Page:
Candidates win without a Majority
Many races in Illinois have more than two candidates and winners can be elected in a crowded field with only 20-30% of the vote. In other words, the majority of voters chose someone other than the winner to represent them. When this happens there isn’t any incentive for a candidate to represent the majority of their constituents when they only need their base to gain and maintain power.
The solution? RCV promotes Majority support.
RCV requires the winning candidate to receive a majority of the vote, meaning at least half of all voters ranked the winning candidate with one of their ranked choices. This ensures the elected official is accountable to a majority of their constituents and is more likely to act on their behalf and be supported while doing so. This is done on one ballot in a single election, so voters do not have to sacrifice a second day to vote in a runoff election.
On the campaign trail, candidates attack each other over their differences, even when they actually have similar stances on many of the issues. This contrived drama distracts voters from issues they care about and bolsters negative partisanship - “I’m voting against that person” instead of “I’m voting for this person.”
The solution? RCV encourages cooperation and positivity.
RCV encourages candidates to compete to be voters' 2nd or 3rd choice if they aren’t their top choice. Because candidates are working to appeal to a wider range of voters, they are less likely to attack opponents and be overly negative, highlighting differences while sharing their positive vision and policy ideas.
In elections with multiple candidates, voters often vote for candidates who aren't their preferred choice because they’re afraid their true favorite, who most aligns with their values and beliefs, can't win. Or worse, that their vote will help a candidate they don't like to win. In our current system, voting for these “spoiler” candidates instead of a front runner can actually split the vote and help their least favorite candidate win the election. This builds resentment among Illinois voters and discourages people from becoming actively engaged in politics and the voting process.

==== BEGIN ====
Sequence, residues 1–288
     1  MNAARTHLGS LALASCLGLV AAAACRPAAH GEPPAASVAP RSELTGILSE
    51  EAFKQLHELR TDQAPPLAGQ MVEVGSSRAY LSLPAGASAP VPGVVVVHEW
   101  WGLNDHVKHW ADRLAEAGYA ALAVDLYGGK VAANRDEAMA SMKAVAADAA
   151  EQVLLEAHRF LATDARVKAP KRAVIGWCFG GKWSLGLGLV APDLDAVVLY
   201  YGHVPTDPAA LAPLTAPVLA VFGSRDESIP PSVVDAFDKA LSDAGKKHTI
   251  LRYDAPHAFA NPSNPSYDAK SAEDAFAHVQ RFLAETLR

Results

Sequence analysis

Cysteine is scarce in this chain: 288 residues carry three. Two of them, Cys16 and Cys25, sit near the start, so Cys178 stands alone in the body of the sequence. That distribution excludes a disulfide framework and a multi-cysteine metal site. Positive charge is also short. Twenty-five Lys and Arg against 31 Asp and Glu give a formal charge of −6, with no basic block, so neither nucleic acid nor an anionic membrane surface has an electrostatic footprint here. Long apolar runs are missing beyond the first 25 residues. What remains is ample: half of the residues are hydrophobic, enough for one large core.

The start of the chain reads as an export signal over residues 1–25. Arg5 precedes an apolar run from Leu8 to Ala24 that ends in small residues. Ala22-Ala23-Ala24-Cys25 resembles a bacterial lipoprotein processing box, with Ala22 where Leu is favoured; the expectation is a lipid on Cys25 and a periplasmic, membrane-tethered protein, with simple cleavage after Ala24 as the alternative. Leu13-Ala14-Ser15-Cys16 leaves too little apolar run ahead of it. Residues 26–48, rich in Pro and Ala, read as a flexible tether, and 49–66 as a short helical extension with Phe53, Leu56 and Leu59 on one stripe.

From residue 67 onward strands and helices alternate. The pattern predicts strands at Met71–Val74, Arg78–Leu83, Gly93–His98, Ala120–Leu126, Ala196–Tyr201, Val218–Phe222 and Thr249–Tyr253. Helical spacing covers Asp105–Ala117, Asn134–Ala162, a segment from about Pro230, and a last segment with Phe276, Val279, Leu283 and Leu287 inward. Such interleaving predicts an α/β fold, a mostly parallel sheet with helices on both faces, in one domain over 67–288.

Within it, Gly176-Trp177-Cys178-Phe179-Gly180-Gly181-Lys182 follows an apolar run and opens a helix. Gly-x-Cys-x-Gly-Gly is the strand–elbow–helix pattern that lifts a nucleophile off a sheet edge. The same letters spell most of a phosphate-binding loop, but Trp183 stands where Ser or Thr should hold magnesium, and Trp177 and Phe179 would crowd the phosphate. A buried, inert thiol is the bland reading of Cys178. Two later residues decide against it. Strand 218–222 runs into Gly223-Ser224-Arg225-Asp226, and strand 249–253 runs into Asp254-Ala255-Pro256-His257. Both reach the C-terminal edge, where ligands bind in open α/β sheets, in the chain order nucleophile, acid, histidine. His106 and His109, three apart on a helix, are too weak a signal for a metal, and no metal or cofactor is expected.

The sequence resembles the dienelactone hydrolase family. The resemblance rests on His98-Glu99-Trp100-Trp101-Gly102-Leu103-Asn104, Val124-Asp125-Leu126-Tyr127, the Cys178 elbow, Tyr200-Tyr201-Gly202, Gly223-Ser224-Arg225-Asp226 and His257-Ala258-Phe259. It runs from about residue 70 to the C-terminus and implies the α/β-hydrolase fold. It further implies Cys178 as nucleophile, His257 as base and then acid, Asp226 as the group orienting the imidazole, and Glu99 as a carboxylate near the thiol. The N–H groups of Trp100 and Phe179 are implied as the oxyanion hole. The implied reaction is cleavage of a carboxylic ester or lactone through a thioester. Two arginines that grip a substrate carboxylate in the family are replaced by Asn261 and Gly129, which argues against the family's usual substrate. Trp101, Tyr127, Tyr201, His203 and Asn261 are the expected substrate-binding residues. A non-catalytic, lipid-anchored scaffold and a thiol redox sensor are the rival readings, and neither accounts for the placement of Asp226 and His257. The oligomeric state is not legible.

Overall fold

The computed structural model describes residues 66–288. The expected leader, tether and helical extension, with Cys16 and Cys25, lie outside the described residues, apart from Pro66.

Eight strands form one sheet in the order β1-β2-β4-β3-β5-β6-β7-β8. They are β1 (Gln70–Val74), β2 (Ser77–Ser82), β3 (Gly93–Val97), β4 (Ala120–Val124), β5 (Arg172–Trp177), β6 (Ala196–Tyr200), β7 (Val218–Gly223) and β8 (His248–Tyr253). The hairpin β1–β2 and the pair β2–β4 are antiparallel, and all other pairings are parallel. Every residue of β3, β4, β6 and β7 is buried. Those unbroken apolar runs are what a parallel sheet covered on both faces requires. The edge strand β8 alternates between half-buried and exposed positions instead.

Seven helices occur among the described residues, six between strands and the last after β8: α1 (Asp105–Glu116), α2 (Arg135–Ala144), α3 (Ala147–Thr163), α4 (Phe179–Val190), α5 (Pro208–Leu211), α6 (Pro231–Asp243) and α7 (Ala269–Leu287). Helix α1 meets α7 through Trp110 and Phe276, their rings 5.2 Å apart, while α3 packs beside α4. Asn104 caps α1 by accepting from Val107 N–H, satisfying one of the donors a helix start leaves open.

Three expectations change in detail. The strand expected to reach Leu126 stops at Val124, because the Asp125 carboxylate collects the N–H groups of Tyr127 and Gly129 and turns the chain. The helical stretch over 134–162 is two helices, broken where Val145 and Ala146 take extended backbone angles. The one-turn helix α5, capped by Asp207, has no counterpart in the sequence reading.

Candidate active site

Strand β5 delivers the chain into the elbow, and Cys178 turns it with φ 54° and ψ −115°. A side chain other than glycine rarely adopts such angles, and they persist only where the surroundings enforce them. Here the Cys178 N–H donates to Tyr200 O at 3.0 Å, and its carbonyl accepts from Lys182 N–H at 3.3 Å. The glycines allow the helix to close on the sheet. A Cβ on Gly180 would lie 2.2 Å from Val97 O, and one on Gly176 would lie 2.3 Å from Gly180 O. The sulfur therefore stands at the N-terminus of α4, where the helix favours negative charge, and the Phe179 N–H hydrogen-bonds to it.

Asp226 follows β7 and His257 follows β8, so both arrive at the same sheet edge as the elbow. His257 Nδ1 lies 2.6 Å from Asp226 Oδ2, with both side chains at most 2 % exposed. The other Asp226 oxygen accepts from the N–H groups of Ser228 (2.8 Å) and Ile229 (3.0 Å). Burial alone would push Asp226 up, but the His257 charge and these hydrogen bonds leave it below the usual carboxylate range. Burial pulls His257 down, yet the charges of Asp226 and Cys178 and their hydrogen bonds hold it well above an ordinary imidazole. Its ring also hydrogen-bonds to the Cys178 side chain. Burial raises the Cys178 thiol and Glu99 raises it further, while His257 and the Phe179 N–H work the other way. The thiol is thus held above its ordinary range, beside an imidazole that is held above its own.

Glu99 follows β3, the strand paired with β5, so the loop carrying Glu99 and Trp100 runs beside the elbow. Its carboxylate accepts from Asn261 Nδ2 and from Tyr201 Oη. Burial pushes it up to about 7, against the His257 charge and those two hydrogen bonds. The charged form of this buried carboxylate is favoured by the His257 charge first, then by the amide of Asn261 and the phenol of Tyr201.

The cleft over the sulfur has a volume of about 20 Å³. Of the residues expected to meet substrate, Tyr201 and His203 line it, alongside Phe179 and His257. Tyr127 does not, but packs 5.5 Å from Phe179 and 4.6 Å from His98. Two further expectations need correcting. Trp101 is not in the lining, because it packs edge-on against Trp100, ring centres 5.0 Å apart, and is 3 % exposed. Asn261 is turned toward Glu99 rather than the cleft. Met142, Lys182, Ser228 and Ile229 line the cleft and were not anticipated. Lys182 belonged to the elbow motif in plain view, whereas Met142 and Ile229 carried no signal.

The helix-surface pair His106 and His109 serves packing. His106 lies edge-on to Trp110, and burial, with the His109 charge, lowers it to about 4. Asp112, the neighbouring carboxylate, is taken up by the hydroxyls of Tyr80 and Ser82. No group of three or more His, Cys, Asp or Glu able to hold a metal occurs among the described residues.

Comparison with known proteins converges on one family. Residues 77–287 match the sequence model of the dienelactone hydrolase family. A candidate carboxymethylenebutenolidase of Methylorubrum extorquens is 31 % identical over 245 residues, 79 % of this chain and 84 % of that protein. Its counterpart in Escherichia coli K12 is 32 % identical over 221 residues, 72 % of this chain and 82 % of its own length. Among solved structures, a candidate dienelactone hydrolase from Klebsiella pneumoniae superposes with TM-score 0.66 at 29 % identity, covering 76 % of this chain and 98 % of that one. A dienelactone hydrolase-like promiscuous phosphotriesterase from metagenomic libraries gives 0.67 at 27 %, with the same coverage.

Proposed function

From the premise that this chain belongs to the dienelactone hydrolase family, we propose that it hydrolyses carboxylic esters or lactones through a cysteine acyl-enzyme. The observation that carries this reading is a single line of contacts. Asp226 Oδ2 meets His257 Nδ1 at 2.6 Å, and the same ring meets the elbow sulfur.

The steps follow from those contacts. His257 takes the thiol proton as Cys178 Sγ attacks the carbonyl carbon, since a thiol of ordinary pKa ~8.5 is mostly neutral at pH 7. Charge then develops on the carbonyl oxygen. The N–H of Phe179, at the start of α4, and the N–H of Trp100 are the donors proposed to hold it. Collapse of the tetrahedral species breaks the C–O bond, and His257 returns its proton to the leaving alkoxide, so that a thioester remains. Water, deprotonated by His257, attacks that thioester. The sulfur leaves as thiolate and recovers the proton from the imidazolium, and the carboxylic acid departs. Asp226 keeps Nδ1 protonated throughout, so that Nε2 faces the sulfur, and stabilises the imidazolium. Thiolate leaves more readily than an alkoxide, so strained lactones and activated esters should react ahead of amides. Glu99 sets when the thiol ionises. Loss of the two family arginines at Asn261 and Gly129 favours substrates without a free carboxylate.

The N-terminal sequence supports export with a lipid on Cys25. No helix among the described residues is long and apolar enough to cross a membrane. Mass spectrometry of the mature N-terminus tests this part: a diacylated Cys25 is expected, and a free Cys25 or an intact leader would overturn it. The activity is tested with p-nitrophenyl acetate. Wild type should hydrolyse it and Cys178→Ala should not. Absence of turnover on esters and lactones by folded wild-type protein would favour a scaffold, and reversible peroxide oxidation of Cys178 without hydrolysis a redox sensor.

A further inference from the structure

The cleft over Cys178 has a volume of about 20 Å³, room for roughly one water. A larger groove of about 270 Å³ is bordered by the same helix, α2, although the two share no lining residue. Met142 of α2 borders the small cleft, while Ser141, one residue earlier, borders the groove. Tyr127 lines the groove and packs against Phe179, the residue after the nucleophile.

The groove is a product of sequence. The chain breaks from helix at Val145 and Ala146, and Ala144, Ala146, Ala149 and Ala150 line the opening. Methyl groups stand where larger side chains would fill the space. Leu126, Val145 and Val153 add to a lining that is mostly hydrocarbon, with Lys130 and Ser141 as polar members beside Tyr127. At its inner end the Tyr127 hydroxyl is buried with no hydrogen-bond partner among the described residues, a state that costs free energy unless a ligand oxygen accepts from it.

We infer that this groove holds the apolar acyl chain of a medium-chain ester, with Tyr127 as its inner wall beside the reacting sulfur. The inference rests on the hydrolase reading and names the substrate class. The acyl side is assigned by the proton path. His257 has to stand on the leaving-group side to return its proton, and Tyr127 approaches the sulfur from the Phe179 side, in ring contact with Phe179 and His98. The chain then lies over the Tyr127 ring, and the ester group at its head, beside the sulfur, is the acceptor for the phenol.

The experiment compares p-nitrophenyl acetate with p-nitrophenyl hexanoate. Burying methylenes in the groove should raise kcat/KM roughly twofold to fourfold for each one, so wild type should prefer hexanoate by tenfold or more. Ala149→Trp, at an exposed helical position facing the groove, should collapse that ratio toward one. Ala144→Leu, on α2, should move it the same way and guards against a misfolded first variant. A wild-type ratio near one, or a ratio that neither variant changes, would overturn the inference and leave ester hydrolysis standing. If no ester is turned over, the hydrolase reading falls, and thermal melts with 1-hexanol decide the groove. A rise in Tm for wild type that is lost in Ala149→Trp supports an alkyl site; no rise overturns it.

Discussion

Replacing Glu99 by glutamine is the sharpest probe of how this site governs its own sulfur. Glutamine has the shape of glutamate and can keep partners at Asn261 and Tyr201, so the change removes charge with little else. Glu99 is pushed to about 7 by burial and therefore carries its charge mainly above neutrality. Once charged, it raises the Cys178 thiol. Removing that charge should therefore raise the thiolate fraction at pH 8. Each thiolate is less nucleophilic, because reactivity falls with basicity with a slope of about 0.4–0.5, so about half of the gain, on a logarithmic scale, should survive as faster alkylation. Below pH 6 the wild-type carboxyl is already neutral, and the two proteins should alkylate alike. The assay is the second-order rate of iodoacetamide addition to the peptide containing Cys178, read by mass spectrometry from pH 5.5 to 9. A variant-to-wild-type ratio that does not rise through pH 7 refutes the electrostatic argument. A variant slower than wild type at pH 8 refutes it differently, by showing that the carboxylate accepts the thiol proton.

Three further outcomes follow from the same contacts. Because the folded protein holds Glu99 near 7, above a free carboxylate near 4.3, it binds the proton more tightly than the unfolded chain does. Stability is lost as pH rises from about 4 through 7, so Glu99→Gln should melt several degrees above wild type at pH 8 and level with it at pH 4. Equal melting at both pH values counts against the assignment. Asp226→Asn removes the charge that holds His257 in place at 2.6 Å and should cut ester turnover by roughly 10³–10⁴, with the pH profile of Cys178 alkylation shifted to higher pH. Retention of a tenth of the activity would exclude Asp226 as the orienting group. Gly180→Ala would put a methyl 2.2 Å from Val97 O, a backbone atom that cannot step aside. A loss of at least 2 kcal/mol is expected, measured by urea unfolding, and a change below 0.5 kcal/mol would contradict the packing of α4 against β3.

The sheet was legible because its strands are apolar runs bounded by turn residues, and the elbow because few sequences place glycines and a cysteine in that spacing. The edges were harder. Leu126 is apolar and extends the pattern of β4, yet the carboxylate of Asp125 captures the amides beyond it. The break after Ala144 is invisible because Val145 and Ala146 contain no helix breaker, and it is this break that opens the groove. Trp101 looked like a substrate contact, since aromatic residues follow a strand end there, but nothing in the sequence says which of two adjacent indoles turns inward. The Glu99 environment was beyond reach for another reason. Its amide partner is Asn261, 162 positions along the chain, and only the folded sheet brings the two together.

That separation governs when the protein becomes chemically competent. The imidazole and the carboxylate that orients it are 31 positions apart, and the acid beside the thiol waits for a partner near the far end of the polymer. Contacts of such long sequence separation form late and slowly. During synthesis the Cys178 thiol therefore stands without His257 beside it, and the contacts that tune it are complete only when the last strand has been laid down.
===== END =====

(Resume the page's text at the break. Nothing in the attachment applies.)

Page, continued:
The solution? RCV allows you to vote for your favorite candidate without helping your least favorite.
Because RCV allows voters to rank backup options, voters are able to select their most preferred candidate knowing that if that candidate is eliminated, their vote will be applied to their second choice and so on. Thus eliminating the possibility of throwing away your vote or the necessity of voting strategically.
Less Choice for Voters
In "winner-take-all" elections many quality candidates may not run for fear of splitting the vote from another similar candidate, or be told to "wait their turn," or they may be eliminated before the general election in a low-turnout primary. This reduces the number of potential, high-quality, candidates for voters to choose from, forcing Illinois voters to sometimes choose from candidates they are less than enthusiastic about.
The Solution? RCV allows for more, high-quality candidates to run for office
With RCV, candidates themselves can run without fear of taking away votes from a similar candidate because voters do not have to choose one candidate or the other; they can rank them. This empowers candidates to get involved even if they aren’t backed by PACs or special interest groups. Quality candidates do not have to sit out of an election because they’re no longer running in a winner-take-all system that works against them and their supporters.
Lack of Representation
Elections in Illinois often consist of candidates with similar backgrounds and beliefs or two diametrically opposed candidates with no commonality. This leaves large swaths of the population that don't have representation that is similar to their own backgrounds, beliefs, or demographics.
The Solution? RCV promotes reflective representation
Because RCV opens the door for more candidates to run, it promotes diversity of political viewpoint as well as diversity of background, beliefs, and demographics in candidates. This can increase representation of historically underrepresented groups and populations in Illinois and give a voice to all people.